Here's what you need to know about state lottery scams:
- If you didn't buy a lottery ticket from an authorized vendor, you didn't win, plain and simple.
- No legitimate lottery will ever contact you with news of a win; it's your responsibility to step forward with the winning ticket in hand.
- You never have to pay upfront fees of any kind to claim a legitimate state lottery payout.
- Never believe claims of a guaranteed prize. Legitimate lotteries make no guarantees of winning.
- Be suspicious of anyone who approaches you offering to sell what's described as a winning lottery ticket. Often the excuse is that the person is in this country illegally and doesn't dare redeem it personally. It's all a lie, of course. This ruse is especially common in Florida and has claimed many older victims.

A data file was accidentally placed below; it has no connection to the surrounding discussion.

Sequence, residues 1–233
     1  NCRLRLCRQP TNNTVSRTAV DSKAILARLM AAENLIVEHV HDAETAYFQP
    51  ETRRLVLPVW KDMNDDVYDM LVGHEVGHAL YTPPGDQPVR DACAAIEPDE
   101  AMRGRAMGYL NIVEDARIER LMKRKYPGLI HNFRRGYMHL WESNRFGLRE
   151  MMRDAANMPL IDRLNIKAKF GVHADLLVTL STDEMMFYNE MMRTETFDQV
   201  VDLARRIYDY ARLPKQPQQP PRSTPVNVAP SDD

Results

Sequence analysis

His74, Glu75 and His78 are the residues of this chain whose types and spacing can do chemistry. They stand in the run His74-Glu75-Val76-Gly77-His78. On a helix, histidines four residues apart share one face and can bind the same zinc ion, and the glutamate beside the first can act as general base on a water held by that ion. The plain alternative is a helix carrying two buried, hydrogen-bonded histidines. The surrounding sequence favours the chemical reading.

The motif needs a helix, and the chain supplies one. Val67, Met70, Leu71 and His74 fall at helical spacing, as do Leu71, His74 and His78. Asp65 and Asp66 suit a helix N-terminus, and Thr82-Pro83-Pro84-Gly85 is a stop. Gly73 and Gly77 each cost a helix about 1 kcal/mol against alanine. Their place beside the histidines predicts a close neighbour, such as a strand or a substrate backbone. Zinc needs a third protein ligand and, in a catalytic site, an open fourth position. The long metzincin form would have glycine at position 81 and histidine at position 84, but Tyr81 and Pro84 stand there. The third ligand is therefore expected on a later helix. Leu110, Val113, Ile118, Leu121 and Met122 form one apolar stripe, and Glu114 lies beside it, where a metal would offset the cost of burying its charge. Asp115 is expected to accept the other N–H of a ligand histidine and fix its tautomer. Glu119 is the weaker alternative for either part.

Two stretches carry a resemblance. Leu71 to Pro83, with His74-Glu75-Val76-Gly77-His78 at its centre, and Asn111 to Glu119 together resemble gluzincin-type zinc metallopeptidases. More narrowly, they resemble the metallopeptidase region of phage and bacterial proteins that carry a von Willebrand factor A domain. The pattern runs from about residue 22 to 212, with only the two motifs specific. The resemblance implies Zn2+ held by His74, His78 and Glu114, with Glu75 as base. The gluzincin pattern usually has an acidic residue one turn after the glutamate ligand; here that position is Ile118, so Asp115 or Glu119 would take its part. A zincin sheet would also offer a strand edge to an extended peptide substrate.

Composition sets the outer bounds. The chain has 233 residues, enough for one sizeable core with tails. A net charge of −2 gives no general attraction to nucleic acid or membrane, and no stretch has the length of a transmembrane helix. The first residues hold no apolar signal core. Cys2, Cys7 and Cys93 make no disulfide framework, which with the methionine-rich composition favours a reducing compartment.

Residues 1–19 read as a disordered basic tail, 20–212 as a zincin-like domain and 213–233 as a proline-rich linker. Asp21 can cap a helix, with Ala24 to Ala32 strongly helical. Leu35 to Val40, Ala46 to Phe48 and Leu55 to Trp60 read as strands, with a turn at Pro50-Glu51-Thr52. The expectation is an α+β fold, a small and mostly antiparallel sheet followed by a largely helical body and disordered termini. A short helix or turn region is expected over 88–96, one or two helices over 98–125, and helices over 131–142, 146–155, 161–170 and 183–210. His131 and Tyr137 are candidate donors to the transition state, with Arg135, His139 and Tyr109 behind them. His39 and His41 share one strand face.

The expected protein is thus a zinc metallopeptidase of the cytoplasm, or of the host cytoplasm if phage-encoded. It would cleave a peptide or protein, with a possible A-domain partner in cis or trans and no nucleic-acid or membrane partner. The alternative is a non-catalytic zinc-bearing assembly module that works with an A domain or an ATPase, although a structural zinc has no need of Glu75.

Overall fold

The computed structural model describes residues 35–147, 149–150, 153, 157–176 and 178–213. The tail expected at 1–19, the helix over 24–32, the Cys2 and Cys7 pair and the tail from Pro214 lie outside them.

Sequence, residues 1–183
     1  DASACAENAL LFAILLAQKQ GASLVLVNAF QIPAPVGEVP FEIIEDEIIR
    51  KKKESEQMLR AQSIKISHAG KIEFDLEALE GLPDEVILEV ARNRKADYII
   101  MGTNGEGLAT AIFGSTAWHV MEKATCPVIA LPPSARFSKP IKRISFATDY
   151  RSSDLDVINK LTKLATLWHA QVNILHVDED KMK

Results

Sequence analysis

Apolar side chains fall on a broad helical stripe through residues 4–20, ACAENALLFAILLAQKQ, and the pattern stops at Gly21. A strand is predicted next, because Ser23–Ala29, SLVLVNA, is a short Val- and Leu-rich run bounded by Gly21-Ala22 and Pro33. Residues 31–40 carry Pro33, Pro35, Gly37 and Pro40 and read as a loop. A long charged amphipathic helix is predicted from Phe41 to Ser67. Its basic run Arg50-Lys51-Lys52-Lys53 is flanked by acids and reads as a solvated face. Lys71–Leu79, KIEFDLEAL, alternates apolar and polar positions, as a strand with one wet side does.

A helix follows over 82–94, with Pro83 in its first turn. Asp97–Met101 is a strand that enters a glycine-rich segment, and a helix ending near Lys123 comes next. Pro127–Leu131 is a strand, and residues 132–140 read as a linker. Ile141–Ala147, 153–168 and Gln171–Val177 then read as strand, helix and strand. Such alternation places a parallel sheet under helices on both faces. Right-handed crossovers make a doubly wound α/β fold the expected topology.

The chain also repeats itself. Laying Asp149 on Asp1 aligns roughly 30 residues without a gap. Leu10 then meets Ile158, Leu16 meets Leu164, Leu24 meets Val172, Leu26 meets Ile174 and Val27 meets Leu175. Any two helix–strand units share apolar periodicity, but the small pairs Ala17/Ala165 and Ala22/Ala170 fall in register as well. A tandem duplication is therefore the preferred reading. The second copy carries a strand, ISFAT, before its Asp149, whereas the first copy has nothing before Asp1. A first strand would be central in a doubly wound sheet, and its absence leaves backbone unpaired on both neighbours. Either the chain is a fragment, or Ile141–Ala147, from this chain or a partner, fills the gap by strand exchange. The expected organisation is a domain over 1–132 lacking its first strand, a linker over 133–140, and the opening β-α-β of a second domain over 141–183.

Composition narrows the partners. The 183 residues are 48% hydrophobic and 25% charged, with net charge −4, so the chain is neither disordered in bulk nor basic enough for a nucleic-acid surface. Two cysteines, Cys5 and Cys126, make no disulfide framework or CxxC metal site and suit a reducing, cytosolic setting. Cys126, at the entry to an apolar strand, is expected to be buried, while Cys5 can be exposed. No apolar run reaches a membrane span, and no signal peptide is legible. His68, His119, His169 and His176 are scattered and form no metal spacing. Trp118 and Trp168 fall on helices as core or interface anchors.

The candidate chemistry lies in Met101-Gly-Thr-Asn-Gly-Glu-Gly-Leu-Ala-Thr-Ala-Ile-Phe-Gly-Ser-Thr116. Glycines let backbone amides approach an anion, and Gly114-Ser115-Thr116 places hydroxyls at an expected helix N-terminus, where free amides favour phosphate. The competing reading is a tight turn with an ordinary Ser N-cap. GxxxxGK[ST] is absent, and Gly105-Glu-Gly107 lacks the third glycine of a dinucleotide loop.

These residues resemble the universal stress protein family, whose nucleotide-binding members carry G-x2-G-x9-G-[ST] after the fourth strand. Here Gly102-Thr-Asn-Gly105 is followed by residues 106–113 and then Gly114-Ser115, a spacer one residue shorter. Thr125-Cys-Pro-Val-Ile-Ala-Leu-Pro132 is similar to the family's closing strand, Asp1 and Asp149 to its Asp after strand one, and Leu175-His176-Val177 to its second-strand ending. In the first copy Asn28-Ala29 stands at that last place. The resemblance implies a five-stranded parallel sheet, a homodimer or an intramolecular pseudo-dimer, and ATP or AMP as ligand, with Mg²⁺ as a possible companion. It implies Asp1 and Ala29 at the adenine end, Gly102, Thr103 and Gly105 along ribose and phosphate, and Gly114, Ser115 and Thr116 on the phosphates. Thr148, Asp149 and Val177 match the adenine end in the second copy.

- Check winning numbers with your state lottery website or through media reports.
- Be alert to shady retailers who pilfer winning tickets brought in for redemption. They scan the ticket, claim you didn't win (or got just a small amount) and then pocket the ticket. You can protect against this by immediately signing your name to the ticket when you buy it, meaning the retailer can't sign it.
- If you have the good luck to hold a ticket with a big payout, don't go to the retailer — notify the state lottery office.
- If you wonder about a lottery notification, go to the website of the nonprofit group Fraud Aid to check its list of known phony lottery games. New ones are always emerging, but if your alleged jackpot is from one on the list, you can be sure it's a scam. Report suspicious winning notifications to your state lottery office and attorney general.
Also of interest: Sweepstakes "winners" become big losers. >>
Sid Kirchheimer is the author of Scam Proof Your Life, published by AARP Books/Sterling.